So convinced is the incumbent:
The Archbishop of Canterbury, Justin Welby, says he is convinced his role will eventually be held by a woman.
He said it would “certainly” happen one day despite the Church of England General Synod’s rejection of plans to admit women to the episcopate in November last year.
He voiced confidence that a new measure to be fast-tracked onto the agenda when the Synod meets in July would eventually succeed.
He was speaking as he prepared to be enthroned as Archbishop in a ceremony at Canterbury Cathedral, confirming him as leader of the Church of England and the nominal head of the 77 million-strong worldwide Anglican Church.
In a sign of the changing face of the Church in the 20 years since the first female priests were ordained, he will be enthroned by a woman – The Venerable Sheila Watson, Archdeacon of Canterbury.
Speaking to Channel 5 News, the Archbishop said a woman would undoubtedly sit on the throne of St Augustine one day.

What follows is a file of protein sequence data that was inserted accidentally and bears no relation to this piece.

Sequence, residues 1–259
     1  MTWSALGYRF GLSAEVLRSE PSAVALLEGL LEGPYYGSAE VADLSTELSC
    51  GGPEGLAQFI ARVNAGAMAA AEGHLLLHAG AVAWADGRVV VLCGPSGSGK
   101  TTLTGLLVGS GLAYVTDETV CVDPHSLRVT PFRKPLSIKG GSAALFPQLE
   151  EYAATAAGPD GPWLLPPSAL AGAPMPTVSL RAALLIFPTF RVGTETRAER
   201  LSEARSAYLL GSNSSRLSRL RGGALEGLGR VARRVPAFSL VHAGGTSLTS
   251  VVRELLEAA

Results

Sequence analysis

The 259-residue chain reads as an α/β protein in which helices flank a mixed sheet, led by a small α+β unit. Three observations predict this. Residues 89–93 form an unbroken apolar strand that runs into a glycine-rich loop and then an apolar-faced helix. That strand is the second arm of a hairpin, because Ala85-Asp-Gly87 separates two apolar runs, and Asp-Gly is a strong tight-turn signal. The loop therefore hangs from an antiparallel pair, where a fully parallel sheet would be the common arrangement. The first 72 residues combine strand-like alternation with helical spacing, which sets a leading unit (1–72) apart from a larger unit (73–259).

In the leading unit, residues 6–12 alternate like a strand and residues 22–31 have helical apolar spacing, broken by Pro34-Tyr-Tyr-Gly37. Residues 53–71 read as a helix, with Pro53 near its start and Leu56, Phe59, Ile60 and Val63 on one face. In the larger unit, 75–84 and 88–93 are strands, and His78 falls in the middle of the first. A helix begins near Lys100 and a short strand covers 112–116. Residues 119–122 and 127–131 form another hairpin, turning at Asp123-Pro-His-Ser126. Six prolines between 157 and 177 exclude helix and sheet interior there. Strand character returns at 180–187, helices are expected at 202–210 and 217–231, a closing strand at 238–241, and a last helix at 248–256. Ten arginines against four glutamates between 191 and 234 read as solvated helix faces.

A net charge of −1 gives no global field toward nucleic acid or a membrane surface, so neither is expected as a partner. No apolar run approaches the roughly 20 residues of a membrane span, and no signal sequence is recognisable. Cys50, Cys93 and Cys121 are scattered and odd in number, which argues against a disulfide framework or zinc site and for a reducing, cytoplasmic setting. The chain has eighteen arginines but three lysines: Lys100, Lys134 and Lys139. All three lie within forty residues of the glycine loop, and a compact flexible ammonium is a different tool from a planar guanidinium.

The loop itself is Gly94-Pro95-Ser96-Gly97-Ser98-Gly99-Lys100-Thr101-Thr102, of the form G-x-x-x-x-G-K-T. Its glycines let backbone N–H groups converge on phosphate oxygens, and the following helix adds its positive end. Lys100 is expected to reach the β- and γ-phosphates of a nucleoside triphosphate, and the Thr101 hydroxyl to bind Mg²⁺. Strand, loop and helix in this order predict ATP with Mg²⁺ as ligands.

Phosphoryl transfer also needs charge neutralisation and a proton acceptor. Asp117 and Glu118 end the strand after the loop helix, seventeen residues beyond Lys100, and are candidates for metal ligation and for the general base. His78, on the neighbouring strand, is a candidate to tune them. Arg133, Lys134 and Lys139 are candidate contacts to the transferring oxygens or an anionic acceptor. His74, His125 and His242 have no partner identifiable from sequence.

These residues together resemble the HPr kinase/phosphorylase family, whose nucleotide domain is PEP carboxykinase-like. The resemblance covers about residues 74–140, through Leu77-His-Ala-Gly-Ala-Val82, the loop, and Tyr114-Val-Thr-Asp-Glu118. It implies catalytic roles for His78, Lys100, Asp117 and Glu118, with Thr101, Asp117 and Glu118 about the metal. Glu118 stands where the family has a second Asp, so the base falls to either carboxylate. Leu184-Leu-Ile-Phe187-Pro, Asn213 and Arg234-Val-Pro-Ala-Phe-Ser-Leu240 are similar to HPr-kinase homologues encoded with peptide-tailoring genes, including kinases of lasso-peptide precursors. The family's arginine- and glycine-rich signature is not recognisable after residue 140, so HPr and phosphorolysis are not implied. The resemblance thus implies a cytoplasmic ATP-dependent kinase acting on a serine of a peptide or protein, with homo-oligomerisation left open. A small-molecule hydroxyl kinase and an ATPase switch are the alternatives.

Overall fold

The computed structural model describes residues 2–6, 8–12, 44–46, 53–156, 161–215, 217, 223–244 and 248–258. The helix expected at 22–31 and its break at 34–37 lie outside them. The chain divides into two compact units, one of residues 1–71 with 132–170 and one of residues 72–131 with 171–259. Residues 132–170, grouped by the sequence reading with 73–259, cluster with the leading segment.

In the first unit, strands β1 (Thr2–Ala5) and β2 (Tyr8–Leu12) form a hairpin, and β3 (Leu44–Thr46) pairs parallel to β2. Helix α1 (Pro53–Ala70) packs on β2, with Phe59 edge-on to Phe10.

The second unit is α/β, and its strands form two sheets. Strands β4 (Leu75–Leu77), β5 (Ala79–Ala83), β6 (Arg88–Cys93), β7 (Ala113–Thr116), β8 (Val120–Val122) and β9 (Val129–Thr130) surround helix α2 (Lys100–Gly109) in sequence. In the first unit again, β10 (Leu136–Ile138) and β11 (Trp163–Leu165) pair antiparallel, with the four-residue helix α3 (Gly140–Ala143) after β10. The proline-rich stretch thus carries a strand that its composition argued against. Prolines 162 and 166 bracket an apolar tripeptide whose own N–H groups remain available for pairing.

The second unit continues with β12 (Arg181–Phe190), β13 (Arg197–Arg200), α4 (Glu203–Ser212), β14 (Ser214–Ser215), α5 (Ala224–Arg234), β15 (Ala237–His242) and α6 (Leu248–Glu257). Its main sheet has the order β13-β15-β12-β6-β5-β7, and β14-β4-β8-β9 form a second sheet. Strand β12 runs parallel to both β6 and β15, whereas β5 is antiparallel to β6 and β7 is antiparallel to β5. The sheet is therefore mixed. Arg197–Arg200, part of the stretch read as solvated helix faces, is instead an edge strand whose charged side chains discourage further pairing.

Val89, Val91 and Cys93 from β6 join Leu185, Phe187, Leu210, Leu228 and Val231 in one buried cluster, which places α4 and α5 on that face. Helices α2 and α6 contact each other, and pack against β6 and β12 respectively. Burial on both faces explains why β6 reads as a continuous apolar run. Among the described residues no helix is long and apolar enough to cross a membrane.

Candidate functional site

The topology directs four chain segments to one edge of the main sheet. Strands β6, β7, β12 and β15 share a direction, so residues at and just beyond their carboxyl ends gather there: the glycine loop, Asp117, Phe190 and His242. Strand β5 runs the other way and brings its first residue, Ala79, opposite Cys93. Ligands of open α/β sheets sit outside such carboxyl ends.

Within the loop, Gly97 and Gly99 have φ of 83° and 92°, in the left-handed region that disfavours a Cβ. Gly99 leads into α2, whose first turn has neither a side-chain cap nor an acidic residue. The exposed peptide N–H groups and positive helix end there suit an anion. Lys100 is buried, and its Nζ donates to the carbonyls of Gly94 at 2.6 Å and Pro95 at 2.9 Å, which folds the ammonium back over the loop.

Asked when this might be, he said: “When the right person turns up – but yes I think there certainly will.”
He added: “We’re going to bring in new proposals this summer and then they work through the synodical system and we’ll see how long that takes.”
But he insisted he wanted to make provision for those with theological objections to women bishops, rather than risk an exodus of traditionalists from the Church.
He said: “The point is we’re not a political party so we don’t simply vote in favour and say to the people who disagree in good conscience: ‘Well we don’t want anything to do with you’.
“The issue is about all of those who are in the Church of England are valued and allowed to exert their faith and their ministry.”
His Enthronement is dealt with by Archbishop Cranmer.
Lambeth Palace notes (and the Anglican Communion does not):
The date of the ceremony resonates in several ways: March 21st is the day when the church remembers the martyrdom of Thomas Cranmer, Archbishop of Canterbury, in 1556. It is also the feast day of St. Benedict of Monte Cassino, a significant figure for both Canterbury Cathedral and Archbishop Justin himself, who is an oblate of the Order of Benedict.